Determined to be a bit more restrained in my enthusiasm, I drove down the road to Red Newt Cellars. It should have been easy to do--after all, Red Newt's owner-winemaker David Whiting had recently won the Governor's Cup (a sort of Best in Show for New York State wines) for Riesling, not Gewürztraminer. Before starting his own operation five years ago, when he was 35, Whiting worked for several other Finger Lakes wineries (including Standing Stone). In fact, Whiting opened his winery on the same day his wife Debra opened her bistro next door, where she specializes in Napa-esque fare at Nebraska prices.
I respectfully tasted Whiting's award-winning Riesling and found it well made with a marked mineral finish; I also tasted his Cabernet Franc and his Pinot Noir. And then we got to his 2000 Gewürztraminer. Full-bodied and spicy with terrific, mouthwatering acidity and a long finish, it was like a great Alsace Gewürz without being too sweet (as many Alsace wines today are). The wine, all 200 cases, Whiting said, was completely sold out.
"Why not make more?" I replied, trying not to whine. Whiting, a mild-mannered fellow, looked at me uneasily. After all, he'd won a big prize for his Riesling. But diplomatically he offered this explanation: "Gewürztraminer is an interesting grape, but it needs a good site. It's hard to grow, and it's hard to work with."
Yet, I wanted to protest, he and Macinski were both growing Pinot Noir--possibly the world's most difficult and temperamental grape! Not to mention Merlot, a grape most people consider completely unsuitable for the cold-climate Finger Lakes. I left after lunch, apparently having failed yet again to effect a conversion.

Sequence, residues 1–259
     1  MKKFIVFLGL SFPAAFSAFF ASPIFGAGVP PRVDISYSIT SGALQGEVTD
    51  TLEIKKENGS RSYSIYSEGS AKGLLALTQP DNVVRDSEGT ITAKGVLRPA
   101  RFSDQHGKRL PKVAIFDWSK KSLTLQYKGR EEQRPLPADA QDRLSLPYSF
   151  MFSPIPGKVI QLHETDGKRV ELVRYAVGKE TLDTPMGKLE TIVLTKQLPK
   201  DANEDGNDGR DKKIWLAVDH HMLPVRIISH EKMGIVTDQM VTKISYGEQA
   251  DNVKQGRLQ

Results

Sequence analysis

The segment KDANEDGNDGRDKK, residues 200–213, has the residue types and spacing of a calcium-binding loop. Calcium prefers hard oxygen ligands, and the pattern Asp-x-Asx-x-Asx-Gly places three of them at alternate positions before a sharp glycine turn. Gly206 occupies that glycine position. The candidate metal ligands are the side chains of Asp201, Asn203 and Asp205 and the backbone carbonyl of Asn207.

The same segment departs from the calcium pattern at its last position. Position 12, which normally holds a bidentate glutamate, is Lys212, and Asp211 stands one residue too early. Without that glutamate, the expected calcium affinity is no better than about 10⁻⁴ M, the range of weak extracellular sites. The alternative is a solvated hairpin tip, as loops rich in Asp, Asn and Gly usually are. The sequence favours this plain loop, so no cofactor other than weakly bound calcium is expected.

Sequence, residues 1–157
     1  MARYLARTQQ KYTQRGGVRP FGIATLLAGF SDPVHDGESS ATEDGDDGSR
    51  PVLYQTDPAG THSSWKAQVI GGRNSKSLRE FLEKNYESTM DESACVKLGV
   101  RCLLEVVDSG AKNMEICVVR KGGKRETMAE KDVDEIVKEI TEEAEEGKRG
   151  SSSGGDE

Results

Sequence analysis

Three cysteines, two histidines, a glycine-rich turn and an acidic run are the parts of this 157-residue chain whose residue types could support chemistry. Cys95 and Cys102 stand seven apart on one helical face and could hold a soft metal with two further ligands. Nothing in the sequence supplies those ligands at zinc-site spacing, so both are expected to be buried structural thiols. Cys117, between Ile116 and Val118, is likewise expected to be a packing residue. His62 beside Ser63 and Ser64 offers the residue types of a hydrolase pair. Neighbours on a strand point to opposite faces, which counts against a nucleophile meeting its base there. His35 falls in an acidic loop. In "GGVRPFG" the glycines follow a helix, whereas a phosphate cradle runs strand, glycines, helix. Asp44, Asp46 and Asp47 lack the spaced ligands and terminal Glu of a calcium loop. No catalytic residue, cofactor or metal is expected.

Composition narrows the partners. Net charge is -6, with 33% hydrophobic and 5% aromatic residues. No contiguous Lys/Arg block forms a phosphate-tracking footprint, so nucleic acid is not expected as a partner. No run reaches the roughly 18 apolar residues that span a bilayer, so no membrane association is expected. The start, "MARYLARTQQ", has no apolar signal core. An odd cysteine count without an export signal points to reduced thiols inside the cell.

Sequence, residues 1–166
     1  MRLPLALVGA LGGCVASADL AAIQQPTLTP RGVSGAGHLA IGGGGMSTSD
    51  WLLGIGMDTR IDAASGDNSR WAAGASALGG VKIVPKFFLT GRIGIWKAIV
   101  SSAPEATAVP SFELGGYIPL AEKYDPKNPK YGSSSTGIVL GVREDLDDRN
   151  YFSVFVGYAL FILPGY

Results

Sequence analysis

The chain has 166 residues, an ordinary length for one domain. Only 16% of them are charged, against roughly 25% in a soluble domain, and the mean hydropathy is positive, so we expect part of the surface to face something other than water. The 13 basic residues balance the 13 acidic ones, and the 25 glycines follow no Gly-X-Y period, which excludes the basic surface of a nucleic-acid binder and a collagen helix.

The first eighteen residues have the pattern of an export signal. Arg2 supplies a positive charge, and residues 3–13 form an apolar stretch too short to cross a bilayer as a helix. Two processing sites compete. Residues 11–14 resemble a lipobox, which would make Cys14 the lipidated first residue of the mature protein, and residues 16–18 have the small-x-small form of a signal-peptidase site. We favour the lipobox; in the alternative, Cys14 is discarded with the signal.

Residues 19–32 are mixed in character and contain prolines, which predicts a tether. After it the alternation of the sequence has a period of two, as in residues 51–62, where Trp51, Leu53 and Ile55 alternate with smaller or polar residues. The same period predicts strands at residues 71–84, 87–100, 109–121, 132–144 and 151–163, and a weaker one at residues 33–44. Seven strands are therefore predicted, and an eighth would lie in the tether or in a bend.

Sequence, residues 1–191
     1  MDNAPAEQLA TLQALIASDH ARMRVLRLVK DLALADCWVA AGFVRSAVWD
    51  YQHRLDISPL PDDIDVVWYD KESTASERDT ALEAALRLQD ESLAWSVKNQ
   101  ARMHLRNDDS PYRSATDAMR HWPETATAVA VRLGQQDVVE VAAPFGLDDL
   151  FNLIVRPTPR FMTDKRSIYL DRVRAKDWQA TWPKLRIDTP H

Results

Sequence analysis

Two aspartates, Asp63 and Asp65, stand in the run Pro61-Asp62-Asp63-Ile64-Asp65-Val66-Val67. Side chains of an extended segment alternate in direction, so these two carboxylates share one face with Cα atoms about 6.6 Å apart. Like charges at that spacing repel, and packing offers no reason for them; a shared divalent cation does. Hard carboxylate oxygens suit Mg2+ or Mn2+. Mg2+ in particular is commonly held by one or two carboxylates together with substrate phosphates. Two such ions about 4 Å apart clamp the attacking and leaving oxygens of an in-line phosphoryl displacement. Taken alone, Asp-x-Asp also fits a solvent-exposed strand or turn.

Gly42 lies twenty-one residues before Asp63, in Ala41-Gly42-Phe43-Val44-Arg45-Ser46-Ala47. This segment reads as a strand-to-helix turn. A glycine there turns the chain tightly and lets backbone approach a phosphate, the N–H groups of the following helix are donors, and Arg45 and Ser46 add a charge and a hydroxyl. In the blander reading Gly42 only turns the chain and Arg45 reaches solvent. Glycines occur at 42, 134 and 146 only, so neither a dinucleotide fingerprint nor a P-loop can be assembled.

My next appointment was with Herman Wiemer, a Riesling maker who's almost as famous as his mentor, the late Dr. Konstantin Frank, the man credited with creating New York State Riesling. Again we tasted Riesling, followed by a lovely Gewürztraminer. Dry, rich, impeccably balanced, the Gewürz was, according to Wiemer, "very easy to sell--it flies out the door." But it seemed disrespectful to urge Gewürztraminer on a Riesling evangelist, so I took my leave, though not before Wiemer expressed regret that I hadn't seen his new vineyard--of Pinot Noir.
What was this about? I'd met three producers who made great Gewürztraminer, a wine that is incredibly hard to grow, that virtually no one (outside of Alsace) makes properly. And it sold out right away. And none of them seemed to care. They seemed more interested in Pinot Noir.
I had dinner that night with Scott Osborn, owner of Fox Run Vineyards, and his friends the Martinis from Anthony Road Wine Company. Osborn had arranged a tasting of Rieslings as well as some reds from both wineries. But first he suggested we start with a glass of Gewürztraminer. His 1999 was another delicious, dry, food-friendly wine that was overlooked as the winemakers' talk turned to, among other things, Pinot Noir.
My final appointment was with Willy Frank, Dr. Frank's son. Set between cow pastures, Dr. Konstantin Frank's Vinifera Wine Cellars was headquartered in a small ranch house. Willy Frank and his winemaker, Morten Hallgren, opened a few sparkling wines for me before we moved on to Riesling. The 1991 was remarkably lively, with great purity of flavor. Next we tasted Pinot Noir. I asked about Gewürztraminer, but Frank kept changing the subject, or more precisely, reading me his press clips. My time was up before we'd gotten to Gewürz--though Frank gave me a bottle to take home.
When I opened the wine a week later and tasted yet another well-made, well-proportioned example, it occurred to me that Finger Lakes winemakers took Gewürztraminer for granted the way I did New York. I only hoped it wouldn't take them two decades to figure out that what they had in Gewürztraminer was greatness enough.